Face Coverings and the Law – teacher resists

Update December 2021

Face coverings are mandatory in retail outlets, banks, credit unions and post offices, in taxis, in bus and rail stations, on public transport and for workers in customer facing roles in cafés, bars and restaurants

Exemptions (very limited, updated by the Government 1 nov 2021)
Note: mandatory/guidance does not equal the law!


Source: Lawyers for justice

Ethan Scally is a qualified teacher and has worked for the last four years as a project worker for the School Completion Programme in two primary schools. On 16th December Ethan was summonsed to a disciplinary hearing for informing children in his care that they had the option of removing their face masks. On 21st December he received written notification of a Final Written Warning from the Chair of the School Completion Programme. He has been informed that any further acts of misconduct in failing to follow the direction of the School Principals and Government guidance on face masks could be construed as ‘gross insubordination’ and lead to dismissal.

Ethan works with vulnerable children who have been identified as being at risk of early school leaving and he designs, develops and delivers programmes to meet their needs. Some of the programmes he rolls out are Positive Self Esteem & Expression, Social Skills, Anger Management, Behaviour Regulation, Online Safety, Transition Programme, Fears & Anxieties, Friendship and Bereavement. He explains:

“At the start of every group session I give the children a feelings chart and they talk about how they are feeling today. This activity usually enables children to get some things off their chest, including emotional pain, anxieties, stresses, and fears. It is important to note that I work with some of the most vulnerable children in Irish society, many of whom may not be able to articulate in words what they are feeling inside. A fundamental part of my work is being able to gauge a child’s feelings through non-verbal cues. A child often conveys emotional pain through their facial expression rather than through words. If a child is masked facial expression can no longer be seen and I cannot provide adequate support and help. I am no longer able to identify the emotional pain that the child may be hiding”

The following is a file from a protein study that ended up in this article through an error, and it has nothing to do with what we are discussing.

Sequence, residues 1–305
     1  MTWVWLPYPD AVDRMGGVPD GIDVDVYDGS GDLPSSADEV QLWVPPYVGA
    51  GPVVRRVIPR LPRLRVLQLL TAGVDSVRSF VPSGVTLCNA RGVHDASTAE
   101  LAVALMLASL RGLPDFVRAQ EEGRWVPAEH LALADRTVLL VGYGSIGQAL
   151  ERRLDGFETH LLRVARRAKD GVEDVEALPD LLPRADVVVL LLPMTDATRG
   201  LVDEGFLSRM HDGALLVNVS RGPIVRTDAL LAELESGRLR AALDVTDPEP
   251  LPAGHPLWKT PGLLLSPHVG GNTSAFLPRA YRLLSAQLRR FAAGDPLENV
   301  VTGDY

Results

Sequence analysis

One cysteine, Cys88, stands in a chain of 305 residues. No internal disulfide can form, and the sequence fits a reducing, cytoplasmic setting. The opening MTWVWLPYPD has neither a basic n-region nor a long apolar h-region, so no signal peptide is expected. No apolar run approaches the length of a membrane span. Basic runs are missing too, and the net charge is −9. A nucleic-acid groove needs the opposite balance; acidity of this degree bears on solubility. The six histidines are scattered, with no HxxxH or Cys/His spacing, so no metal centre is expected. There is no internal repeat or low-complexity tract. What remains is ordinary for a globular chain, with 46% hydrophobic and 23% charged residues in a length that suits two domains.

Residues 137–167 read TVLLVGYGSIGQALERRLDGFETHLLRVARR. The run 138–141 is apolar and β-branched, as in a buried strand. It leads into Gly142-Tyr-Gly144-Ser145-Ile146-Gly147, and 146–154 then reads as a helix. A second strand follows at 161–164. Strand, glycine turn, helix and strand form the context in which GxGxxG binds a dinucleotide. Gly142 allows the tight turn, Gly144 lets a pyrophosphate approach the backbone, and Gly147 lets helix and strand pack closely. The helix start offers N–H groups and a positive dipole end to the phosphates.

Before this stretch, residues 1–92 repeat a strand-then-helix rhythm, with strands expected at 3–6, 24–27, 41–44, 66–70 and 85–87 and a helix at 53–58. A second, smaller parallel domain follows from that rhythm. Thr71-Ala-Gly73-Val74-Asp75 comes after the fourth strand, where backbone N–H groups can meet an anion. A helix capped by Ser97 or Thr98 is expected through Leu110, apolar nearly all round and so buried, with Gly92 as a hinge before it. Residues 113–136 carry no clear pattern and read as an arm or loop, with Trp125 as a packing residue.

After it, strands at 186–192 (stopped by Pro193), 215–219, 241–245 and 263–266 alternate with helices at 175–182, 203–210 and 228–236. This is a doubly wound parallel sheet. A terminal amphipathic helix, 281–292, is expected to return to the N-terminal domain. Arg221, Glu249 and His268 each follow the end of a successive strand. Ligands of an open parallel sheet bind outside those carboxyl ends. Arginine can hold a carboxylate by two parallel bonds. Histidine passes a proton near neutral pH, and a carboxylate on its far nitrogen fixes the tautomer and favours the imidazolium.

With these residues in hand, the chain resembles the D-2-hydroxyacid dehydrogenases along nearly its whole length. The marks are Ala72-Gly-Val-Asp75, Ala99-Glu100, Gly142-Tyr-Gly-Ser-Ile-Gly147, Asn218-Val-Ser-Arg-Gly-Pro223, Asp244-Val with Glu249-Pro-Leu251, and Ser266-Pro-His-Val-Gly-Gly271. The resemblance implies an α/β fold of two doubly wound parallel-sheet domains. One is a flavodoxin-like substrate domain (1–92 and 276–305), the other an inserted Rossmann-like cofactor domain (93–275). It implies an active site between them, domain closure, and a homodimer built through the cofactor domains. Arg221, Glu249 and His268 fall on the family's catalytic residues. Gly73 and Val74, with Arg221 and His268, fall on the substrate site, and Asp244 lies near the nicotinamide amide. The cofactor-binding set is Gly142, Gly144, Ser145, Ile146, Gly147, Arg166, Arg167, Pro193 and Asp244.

Ethan describes the background to the disciplinary action against him:

“On Thursday 2nd December, I told the children in my care “if you’re wearing a mask and want to take it off you can, or if you’re wearing a mask and want to leave it on you can do so either”. I said this to 10 students across 3 different groups and 9 out of 10 students took them off with great relief saying, “thank god” and complaining of headaches, being too hot, struggling to breathe properly and most were visibly uncomfortable. As a result of my actions, I was called to a disciplinary meeting. I challenged the face mask policy on several grounds including:

  • There is no sufficient evidence base to demonstrate that it is necessary and proportionate.
  • No risk assessment was carried out prior to the implementation of this measure. Under the Safety, Health and Welfare at Work Act 2005 every employer must carry out a risk assessment where there is a potential hazard on the premises, and risk assessment must be reviewed where “there has been significant change in the matters to which it relates to”. The potential detrimental impact that masks have on children’s social, emotional, and personal development have not been considered vis-à-vis any possible reduction in transmission of Covid 19. Schools also have a general duty of care towards pupils.
  • The guidelines for primary schools to implement the face mask requirement were issued by the Department of Education by way of an unsigned and undated letter followed by a ‘frequently asked questions’ publication. It is questionable whether Minister Foley has the statutory power to make a face mask policy under the Education Act, 1998. The Act gives the Minister for Education the statutory power to make EDUCATION policies and any other policies in furtherance of the Education Act. A face mask policy is NOT educational. It is a health policy. Further, it is arguable that NPHET’s legal remit does not extend to making policies on face masks in primary school settings.
  • The face mask policy contravenes Article 3 of the UN Convention on the Rights of the Child that IN ALL actions concerning children, the best interests of the child shall be a primary consideration”

Ethan concludes:

“My next step will be to appeal the Final Written Warning. I am prepared to go all the way in this, and I fully appreciate that in doing so I risk losing my job and income. I have strong principles and a passion and commitment for my work because I am truly concerned about the children in my care. No Risk Assessment has been carried out by schools prior to implementing the face mask policy to demonstrate that the benefits outweigh the potential risks, educationally, developmentally, physically, pedagogically, socially and emotionally. My ultimate duty of care is towards the children in my care and I intend to continue to challenge this policy whatever the personal consequences. I believe that it is fundamental that we protect the rights of the child in this epoch to ensure that any policy is in their best interests. I find it deeply troubling that policies are being implemented that potentially harm children on the grounds of protecting others, for example teachers or the wider community. This is wrong as a child’s welfare must always come FIRST”